On today’s daf, the Talmud is deep in the weeds of a discussion about what happens if a person purchases a variety of animals designated for different sacrifices, and then can’t remember which animal was designated for which sacrifice. We learn in a mishnah:
If a paschal lamb that was intermingled with other offerings (such as guilt-offerings and burnt-offerings, and it is not known which animal was designated as which offering) all of them are left to graze until they develop a blemish and become unfit; and they are then sold, and with the proceeds of the choicest of them he must bring this type of sacrifice, and with the proceeds of the choicest of them he must bring this other type of sacrifice. And he loses the difference from his own pocket.
Intention, as always, matters for the rabbis. When you designate an animal to be a peace offering, you cannot then offer it as a paschal offering even if, in theory, it would have made a valid paschal offering.
Rather than risk offering the wrong animal as a sacrifice, all the animals are put out to pasture until they develop blemishes and can no longer be sacrificed. Now they can be sold and the money used to purchase replacement sacrifices that are each equal in value to the most valuable among the lot (because, of course, the person does not know which sacrifice had the greatest value to begin with). This ends up costing the person a bit more money but in this way God gets the animals that are due and no mistakes are made.
Obviously, with the Temple now gone for nearly 2,000 years, Jews don’t put this into practice anymore. The rabbis of the Talmud didn’t either, and famously said that study and prayer are equally valid ways to serve God. And sometimes, they encourage us to study and pray specifically on sacrifice.
The traditional daily morning liturgy contains a series of biblical and talmudic references to the ancient sacrifices — a sort of combination of both study and prayer that meditates directly on the sacrificial cult in the Temple. But for those of us who are quite happy that prayer has entirely replaced sacrifice, the idea of even studying or praying with the sacrificial system in any fashion may disturb or make us uncomfortable.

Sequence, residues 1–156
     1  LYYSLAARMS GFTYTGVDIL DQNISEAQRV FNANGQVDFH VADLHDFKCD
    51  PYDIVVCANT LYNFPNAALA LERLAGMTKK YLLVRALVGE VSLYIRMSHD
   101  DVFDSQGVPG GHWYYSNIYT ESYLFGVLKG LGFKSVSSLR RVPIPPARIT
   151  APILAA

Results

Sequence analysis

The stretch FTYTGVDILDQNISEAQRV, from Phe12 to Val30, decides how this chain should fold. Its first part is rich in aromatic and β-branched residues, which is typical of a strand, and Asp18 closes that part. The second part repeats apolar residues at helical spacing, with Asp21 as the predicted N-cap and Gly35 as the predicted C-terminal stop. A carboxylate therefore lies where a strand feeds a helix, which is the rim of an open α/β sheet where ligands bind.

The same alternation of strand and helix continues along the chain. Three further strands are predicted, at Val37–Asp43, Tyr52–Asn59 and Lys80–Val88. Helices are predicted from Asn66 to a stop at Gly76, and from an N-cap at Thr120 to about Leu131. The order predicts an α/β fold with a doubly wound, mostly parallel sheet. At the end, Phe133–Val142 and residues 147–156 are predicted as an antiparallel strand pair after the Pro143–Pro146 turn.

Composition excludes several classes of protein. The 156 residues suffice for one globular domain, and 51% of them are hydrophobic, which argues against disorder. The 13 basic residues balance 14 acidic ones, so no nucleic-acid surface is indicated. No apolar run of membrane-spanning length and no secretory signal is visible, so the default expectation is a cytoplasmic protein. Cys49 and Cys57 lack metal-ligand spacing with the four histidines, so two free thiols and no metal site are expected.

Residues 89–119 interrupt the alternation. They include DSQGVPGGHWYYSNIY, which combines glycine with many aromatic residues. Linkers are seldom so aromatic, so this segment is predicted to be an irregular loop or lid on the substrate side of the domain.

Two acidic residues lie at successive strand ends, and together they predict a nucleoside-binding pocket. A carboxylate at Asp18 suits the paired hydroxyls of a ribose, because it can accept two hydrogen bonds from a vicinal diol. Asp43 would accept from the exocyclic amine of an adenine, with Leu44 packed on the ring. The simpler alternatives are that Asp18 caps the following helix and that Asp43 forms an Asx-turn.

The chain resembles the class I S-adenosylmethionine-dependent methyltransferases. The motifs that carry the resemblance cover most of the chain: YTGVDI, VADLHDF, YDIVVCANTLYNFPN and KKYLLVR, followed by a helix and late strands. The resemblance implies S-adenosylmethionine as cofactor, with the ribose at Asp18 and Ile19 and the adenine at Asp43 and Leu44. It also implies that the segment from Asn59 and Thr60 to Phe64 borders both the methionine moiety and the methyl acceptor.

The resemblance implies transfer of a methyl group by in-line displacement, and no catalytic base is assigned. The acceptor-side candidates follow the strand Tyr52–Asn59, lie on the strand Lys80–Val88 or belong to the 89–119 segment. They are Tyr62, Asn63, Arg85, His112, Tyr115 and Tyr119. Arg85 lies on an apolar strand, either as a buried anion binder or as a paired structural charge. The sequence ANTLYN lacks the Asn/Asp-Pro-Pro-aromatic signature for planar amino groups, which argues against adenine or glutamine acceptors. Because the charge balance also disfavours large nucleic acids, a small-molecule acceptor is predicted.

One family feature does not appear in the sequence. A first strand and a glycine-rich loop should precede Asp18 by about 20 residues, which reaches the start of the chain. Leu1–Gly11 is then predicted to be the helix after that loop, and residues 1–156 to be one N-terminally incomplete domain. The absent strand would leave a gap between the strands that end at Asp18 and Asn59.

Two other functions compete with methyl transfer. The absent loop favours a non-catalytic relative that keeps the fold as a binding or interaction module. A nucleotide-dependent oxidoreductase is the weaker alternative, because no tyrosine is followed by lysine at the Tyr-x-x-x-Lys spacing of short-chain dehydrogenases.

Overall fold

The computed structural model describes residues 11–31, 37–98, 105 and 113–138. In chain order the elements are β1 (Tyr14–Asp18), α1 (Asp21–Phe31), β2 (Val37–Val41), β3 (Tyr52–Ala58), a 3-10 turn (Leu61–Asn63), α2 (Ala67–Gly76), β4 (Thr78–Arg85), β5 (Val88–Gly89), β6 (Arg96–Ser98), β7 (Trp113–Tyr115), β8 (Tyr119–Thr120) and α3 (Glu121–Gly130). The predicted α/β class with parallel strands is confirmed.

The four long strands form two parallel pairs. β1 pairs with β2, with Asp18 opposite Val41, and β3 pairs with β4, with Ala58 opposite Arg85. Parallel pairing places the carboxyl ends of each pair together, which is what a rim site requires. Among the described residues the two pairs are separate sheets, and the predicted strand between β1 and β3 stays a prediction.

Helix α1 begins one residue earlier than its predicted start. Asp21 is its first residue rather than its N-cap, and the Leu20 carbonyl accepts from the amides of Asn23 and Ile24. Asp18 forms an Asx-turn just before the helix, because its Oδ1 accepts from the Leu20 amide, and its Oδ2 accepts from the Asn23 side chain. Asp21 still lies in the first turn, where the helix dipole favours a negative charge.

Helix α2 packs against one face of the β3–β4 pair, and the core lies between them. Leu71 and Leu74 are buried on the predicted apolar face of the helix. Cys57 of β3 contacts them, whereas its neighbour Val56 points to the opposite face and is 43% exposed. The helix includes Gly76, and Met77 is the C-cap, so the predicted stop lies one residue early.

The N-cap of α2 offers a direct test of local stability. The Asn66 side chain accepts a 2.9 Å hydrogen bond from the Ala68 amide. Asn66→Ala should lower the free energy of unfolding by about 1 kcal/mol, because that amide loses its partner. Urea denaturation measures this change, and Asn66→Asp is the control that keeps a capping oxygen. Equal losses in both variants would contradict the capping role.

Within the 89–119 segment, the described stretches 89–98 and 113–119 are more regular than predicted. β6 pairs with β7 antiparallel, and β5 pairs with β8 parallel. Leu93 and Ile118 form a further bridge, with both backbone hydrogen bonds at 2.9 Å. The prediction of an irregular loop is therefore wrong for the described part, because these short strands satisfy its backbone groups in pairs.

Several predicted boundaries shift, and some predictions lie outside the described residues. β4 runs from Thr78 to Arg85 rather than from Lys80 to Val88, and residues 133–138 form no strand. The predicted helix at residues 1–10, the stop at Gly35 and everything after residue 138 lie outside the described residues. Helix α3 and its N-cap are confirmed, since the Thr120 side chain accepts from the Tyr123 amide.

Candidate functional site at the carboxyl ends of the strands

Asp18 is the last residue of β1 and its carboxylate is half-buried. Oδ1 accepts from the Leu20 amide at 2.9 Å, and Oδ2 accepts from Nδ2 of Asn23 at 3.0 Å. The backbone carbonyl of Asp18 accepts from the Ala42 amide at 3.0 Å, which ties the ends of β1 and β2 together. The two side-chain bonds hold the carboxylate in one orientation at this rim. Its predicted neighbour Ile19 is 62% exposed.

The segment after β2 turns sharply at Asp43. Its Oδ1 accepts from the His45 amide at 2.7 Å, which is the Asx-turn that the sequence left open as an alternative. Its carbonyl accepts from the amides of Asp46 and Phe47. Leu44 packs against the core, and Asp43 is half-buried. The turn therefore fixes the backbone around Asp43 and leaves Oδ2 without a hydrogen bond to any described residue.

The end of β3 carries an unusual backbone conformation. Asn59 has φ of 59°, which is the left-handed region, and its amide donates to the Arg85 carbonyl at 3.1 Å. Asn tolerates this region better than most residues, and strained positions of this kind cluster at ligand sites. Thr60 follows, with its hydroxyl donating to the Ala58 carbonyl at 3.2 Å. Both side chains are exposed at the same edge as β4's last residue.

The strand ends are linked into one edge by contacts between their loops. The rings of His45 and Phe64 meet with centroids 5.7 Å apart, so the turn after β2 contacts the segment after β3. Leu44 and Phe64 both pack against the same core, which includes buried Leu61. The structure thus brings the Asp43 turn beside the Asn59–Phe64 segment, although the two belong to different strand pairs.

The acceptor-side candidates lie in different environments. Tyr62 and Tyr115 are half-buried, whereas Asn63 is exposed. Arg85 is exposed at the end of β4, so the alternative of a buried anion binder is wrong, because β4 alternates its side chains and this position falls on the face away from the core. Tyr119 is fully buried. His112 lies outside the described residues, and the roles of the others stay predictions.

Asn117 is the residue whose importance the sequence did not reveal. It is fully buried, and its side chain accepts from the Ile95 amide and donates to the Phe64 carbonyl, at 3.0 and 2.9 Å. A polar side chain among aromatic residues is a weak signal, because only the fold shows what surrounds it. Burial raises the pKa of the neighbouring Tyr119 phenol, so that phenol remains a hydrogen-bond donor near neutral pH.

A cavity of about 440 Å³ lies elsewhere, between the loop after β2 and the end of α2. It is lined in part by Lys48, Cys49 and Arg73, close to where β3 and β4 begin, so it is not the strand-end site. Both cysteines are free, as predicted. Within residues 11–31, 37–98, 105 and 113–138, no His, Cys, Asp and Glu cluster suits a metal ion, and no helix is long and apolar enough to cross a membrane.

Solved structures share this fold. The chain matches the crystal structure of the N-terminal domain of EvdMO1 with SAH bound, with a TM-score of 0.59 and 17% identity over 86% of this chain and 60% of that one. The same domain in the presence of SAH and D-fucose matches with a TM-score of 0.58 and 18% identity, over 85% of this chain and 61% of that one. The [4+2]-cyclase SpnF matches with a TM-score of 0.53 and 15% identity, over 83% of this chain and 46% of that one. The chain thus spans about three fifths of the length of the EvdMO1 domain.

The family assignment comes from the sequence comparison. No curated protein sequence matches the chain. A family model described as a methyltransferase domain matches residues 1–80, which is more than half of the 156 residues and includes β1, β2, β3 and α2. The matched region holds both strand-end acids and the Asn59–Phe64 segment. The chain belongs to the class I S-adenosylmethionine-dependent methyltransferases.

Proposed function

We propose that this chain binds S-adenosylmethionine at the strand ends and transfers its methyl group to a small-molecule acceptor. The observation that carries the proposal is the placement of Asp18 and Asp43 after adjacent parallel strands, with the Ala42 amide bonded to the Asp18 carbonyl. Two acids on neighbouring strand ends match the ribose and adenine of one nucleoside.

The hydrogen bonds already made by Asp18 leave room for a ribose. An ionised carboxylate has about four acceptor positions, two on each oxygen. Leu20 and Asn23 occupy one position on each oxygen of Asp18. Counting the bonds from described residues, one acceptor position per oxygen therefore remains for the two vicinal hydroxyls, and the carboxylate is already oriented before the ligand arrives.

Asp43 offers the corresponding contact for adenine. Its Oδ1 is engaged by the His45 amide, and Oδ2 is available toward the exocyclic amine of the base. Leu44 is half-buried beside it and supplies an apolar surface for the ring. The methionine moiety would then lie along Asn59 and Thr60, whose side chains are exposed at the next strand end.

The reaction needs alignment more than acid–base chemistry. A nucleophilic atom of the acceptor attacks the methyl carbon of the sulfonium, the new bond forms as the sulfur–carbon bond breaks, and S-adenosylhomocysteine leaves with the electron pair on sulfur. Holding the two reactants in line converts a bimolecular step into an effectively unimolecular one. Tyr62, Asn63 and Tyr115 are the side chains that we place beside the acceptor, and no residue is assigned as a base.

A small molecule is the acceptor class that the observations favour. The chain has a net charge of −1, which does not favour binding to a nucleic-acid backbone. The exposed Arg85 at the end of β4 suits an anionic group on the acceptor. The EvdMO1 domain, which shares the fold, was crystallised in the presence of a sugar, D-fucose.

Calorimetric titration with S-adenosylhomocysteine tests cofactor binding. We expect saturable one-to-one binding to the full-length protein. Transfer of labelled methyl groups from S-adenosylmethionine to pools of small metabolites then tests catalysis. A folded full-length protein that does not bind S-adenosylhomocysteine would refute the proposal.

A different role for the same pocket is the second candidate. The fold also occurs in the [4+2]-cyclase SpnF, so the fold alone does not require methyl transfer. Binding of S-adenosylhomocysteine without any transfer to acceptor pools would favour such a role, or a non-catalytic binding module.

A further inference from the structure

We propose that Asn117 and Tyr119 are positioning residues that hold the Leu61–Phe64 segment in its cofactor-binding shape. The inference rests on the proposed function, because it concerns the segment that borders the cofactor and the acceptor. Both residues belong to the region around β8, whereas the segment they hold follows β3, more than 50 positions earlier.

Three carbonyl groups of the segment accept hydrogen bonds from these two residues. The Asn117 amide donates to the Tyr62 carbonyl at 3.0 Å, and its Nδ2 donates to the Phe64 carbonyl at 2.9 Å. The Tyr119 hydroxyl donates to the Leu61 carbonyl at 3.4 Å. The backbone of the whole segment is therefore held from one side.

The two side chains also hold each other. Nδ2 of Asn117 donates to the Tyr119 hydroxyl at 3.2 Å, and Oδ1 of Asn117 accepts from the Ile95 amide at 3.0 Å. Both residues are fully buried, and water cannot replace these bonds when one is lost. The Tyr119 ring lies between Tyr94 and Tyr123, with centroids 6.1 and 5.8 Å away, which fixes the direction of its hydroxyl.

At the end of the Amidah, the thrice-daily standing prayer, there is a personal meditation that traditionally concludes with a prayer for the rebuilding of the Temple — speedily and in our days. There we will offer the sacrifices as of old and in ancient days. We pray for this. And yet, do we really want it?
The rabbis of the Talmud were living during a profoundly liminal moment in Jewish history. The trauma of the Temple’s destruction and the loss of the religious life that pulsed throughout it was still fresh. Yet the desire remained strong to retain what they could and remake tradition so that it would endure. How blessed we are to be heirs of their genius. As the rabbis embraced a new way of being and doing Jewish, which we today call rabbinic Judaism, they were careful not to erase the old. We may not wish to return to animal sacrifice (I don’t, anyway) but it is a blessing to have deep knowledge of where we have come from.